Cover image for The silence in the mountains
The silence in the mountains
Rosenberg, Liz.
Personal Author:
First American edition.
Publication Information:
New York : Orchard Books, [1999]

Physical Description:
1 volume (unpaged) : color illustrations ; 29 cm
When his family leaves their war-torn country to come to live in America, a young boy has trouble adjusting, until his grandfather helps him find what he had missed most.
Added Author:

Format :


Call Number
Material Type
Home Location
Item Holds
PIC. BK. Juvenile Fiction Picture Books
PIC BK Juvenile Fiction Central Closed Stacks
PIC. BK. Juvenile Fiction Picture Books

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When his family leaves their war-torn country to come to live in America, a young boy has trouble adjusting, until his grandfather helps him find what he had missed most.

Reviews 3

Booklist Review

Ages 6^-8. When the threat of war (in an unnamed country, but Rosenberg dedicates the book in part to the people of Lebanon) drives young Iskander and his family from their hillside home to a farm in America, his grandfather eases his homesickness by taking him into the woods and sitting with him until he finds a silence like the beloved mountain silence he left behind. Except for one fiery spread, and another showing Iskander standing on an apartment balcony looking down to a busy American street, Soentpiet portrays a prosperous-looking family moving without much difficulty from one peaceful, sunny, bucolic setting to another; consequently, the war and the trauma of dislocation seem abstract, less immediate than the sadness on Iskander's downcast face. This makes a less emotionally intense story than Florence Parry Heide's Sami and the Time of the Troubles (1992), with its heartrending portrayal of children living in the very midst of destruction, but Iskander's feelings are certainly valid--and shared by refugees from violence the world over. --John Peters

Publisher's Weekly Review

This portentous picture book about a child exiled by war gets tripped up by its pacing. While the book's opening sounds like a fairy tale ("Once there was a boy named Iskander who lived in a land so sweet, so beautiful, some people called it paradise"), with the turn of a page ("Then war broke out"), the peaceful family picnic scene is abruptly transformed into barricade explosions and street fighting, and the next spread shows Iskander and his family packing up to leave their farm. The balance of the book takes place in America, where everyone tries to console the homesick boy, but only his understanding grandfather knows that the peaceful woods alone can comfort Iskander. More than the text, it is Soentpiet's (More Than Anything Else) portraits of lined faces and the sunlit countryside that lend the book its emotional appeal. Unfortunately, both Rosenberg's (Monster Mama) text and the artwork muddy the title metaphor. Although the reader is told that Iskander's initial paradise was "changed" as "the fighting went on," the family departs from a peaceful farm where Iskander can still hear "the silence high up in the mountains." Iskander's desire for pre-war "silence" in his own war-torn country seems too subtle for the grasp of most young readers who may wonder why he is not happy with his peaceful new land, or what the silence in the mountains represents. Ages 5-9. (Mar.) (c) Copyright PWxyz, LLC. All rights reserved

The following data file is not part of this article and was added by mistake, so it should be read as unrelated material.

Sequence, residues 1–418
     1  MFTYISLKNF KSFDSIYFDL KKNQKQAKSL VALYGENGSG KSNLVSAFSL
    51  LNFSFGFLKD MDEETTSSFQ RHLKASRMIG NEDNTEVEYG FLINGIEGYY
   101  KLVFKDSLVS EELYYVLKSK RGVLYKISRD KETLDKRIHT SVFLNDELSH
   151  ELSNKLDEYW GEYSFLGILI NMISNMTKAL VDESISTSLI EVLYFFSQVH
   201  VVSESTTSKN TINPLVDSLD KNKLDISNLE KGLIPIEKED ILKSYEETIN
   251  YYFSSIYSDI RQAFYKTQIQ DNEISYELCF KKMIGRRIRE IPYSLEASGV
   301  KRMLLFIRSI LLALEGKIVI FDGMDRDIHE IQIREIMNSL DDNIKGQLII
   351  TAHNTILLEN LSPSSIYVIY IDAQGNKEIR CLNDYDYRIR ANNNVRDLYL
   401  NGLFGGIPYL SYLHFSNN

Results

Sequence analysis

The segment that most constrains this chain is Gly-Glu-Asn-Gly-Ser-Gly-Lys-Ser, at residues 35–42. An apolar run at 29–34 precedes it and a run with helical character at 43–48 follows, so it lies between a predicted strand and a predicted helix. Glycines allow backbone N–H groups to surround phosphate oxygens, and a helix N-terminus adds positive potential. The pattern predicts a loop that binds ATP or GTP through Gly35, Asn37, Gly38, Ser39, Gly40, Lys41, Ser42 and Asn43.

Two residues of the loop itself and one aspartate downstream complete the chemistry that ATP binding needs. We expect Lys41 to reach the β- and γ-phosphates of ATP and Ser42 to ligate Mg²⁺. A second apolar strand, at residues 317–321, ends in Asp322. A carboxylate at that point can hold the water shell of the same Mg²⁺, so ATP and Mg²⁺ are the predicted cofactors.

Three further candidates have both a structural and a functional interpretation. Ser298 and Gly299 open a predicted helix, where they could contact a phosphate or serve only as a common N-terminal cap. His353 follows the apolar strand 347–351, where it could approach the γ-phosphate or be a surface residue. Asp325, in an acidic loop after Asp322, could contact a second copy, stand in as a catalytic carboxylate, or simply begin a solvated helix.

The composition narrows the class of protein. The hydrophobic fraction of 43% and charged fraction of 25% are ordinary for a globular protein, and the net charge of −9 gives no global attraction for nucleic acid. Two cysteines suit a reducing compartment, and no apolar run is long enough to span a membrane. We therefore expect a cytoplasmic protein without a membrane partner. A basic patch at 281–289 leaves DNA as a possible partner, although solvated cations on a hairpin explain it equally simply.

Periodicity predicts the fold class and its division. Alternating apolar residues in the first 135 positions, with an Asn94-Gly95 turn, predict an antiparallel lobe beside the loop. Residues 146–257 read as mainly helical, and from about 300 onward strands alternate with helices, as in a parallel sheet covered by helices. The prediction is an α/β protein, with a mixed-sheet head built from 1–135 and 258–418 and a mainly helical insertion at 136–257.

School Library Journal Review

Gr 1-4-Watercolors full of vivid reds, blues, and yellows flow across the pages of this book about a boy whose family leaves their beautiful mountain home when war erupts. Coming to America, they eventually settle on a prosperous farm where everyone adapts except for Iskander, who misses the silence of the mountains. Though all of the adults try to help him adjust, only his grandfather understands the nature of his homesickness and is able to show him what this new land has to offer. Yet, Iskander's story lacks intensity. Readers know only what he is feeling, and in the illustrations, the rest of the family radiates happiness and contentment even in the worst of times. While the paintings mirror the boy's limited understanding of the situation, the happy faces bring a sense of unreality to the story. In addition, the resolution of Iskander's sadness is subtle and not entirely convincing. What does lend reality to the story is Soentpiet's depiction of the characters, who seem to be real people. Their homeland is revealed only when one notices that the book is dedicated in part to the people of Lebanon. By leaving Iskander's native land unstated, the author has emphasized the universal nature of a child's homesickness for a life and a place left behind.-Barbara Scotto, Michael Driscoll School, Brookline, MA (c) Copyright 2010. Library Journals LLC, a wholly owned subsidiary of Media Source, Inc. No redistribution permitted.